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Marlborough School Student Newspaper
The Student News Site of Marlborough School

The UltraViolet

The Student News Site of Marlborough School

The UltraViolet

To kill a mocking-book
To kill a mocking-book
February 21, 2024

Lost in Thought: Bookshelf Tour

Graphic by Sam '15
Graphic by Sam ’15

 While brainstorming for an English essay around finals week, I realized that I have my own personal literary canon. These are my sacred texts, which contain the philosophies that inform and influence and reflect my everyday life.

Higglety Pigglety Pop! or There Must Be More to Life

by Maurice Sendak

This is a picture book about a dog named Jennie. Sho has everything (even ear-drops), but sets out to find more. It is very strange and involves a lot of eating. It also has an illustrated play at the end, which is nice.

Lessons learned: Nothing is what it seems; eating basically everything you see can turn out ok; it’s fine to leave your home and those who love you unconditionally, as long as you become a star and eat salami.

Willie Without

by Margaret Moore

This is a children’s book from 1951 (I have my dad’s copy). It’s about a worm without ambition, which I can sometimes relate to. Willie meets a frog named Wog and likes singing odd little songs. Whatever floats his boat. In the end, Willie Without finds a hat that exactly represents his internal identity, allowing him to finally be himself.

Lessons learned: I guess that we’re all out looking for our perfect hats in this world, our own truth and identity and way of being. Also, a hat worn at a jaunty angle can make or break a worm.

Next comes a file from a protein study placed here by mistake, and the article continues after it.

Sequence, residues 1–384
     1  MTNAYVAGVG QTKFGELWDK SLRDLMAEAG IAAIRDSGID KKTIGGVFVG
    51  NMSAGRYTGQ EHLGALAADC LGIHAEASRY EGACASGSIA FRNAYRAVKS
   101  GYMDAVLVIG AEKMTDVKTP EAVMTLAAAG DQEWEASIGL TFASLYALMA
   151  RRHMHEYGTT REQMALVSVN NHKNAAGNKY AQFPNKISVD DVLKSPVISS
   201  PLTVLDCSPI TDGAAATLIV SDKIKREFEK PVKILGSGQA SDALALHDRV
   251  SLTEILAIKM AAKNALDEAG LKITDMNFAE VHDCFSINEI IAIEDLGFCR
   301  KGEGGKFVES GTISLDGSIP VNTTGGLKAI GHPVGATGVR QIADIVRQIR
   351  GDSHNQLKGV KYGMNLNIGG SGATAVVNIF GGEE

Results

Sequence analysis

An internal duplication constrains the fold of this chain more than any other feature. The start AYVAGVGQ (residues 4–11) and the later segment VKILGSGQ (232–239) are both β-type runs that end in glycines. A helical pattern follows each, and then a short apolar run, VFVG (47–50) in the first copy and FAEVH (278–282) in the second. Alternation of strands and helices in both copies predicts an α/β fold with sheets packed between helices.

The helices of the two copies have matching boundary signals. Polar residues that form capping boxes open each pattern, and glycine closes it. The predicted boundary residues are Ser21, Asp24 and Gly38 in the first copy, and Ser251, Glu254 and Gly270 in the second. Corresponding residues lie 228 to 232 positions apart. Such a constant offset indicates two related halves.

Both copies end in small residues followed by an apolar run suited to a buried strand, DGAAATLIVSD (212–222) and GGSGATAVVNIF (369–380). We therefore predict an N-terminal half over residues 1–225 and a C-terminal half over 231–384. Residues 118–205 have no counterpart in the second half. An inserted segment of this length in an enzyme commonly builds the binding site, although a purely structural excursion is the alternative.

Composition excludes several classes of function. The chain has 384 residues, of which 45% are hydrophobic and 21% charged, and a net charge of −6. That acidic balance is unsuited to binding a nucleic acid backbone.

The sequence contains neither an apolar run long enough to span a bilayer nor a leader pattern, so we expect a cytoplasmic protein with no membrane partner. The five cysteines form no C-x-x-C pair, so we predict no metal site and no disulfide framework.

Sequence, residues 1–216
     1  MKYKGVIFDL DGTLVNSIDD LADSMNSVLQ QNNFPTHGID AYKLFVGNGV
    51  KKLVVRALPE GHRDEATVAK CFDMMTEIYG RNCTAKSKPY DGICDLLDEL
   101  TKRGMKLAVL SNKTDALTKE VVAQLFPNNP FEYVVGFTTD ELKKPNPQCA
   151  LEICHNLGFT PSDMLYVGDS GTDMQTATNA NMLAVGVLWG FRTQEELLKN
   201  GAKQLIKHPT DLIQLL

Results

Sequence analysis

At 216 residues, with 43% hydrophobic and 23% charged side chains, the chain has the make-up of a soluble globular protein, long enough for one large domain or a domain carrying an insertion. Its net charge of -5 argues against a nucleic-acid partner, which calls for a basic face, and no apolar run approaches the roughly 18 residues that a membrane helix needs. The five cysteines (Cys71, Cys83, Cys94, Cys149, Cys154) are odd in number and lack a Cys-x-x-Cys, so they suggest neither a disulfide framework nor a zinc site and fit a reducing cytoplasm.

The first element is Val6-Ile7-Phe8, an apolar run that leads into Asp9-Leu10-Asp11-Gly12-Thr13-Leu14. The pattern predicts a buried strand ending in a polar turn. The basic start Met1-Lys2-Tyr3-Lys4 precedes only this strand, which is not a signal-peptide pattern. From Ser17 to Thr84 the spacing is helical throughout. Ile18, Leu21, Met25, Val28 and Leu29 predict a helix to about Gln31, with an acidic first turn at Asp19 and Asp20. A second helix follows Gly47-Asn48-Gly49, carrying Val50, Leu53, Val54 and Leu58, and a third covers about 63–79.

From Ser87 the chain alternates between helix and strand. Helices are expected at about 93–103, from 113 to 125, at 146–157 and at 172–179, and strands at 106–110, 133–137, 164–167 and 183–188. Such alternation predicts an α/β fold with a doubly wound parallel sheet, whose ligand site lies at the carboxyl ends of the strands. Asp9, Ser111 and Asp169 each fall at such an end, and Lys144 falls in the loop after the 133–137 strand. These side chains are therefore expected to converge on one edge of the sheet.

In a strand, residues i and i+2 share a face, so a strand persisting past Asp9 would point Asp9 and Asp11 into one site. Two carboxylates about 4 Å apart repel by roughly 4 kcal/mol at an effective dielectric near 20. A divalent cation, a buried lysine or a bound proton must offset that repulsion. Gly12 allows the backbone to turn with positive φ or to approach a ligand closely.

The Spider’s Palace

by Richard Hughes

This collection of short stories (which my mom got as a birthday present in the ‘70s) wins the weirdness prize hands down. It’s from 1932 and includes a girl who decides to live in a whale with her dog (there’s an especially strange part where the whale goes to Harrod’s to buy a bed), a girl who travels through a telephone wire and then lives with the strangers on the other end (who are cool with the arrangement) and a girl who goes down the drain with the bathwater (and nobody cares).

Lessons learned: You will never understand everything. Or anything. Just go with it. And don’t expect satisfying conclusions.

Everything written by E. Nesbit

E. Nesbit, possibly the mother of modern fantasy, was my number one favorite writer when I was little (and my mom’s favorite when she was little). She probably remains my favorite to this day. Her stories belie a complex, way ahead-of-her-time philosophy. In her worlds, rich and poor children can be friends, princesses can be strong, and Jewish pawnbrokers can be generous (a twist on the traditional stereotypes). She was an incredibly strong, smart, independent turn-of-the-century woman, who discussed ideas about social status, gender expectations, and economics in London’s intellectual circles. She helped found the socialist Fabian society.

Lessons learned: Innumerable. My desire for an old-fashioned English picnic and a flying carpet has definitely made me the woman I am today.

“No Thank You, John” by Christina Rossetti and “Indian Summer” by Dorothy Parker

These are two caustic poems in which a woman explains to a man why she won’t bend to his will; in “No Thank You, John” the speaker turns down a marriage proposal, and in “Indian Summer” she explains that she’s comfortable with herself,  and no longer changes to please boys.

Lessons learned: I’ve never liked that Grease alter-yourself-to-win-the-guy attitude. Both of these female poets were ahead of their times in terms of remaining themselves despite the opinions of pushy men.

 

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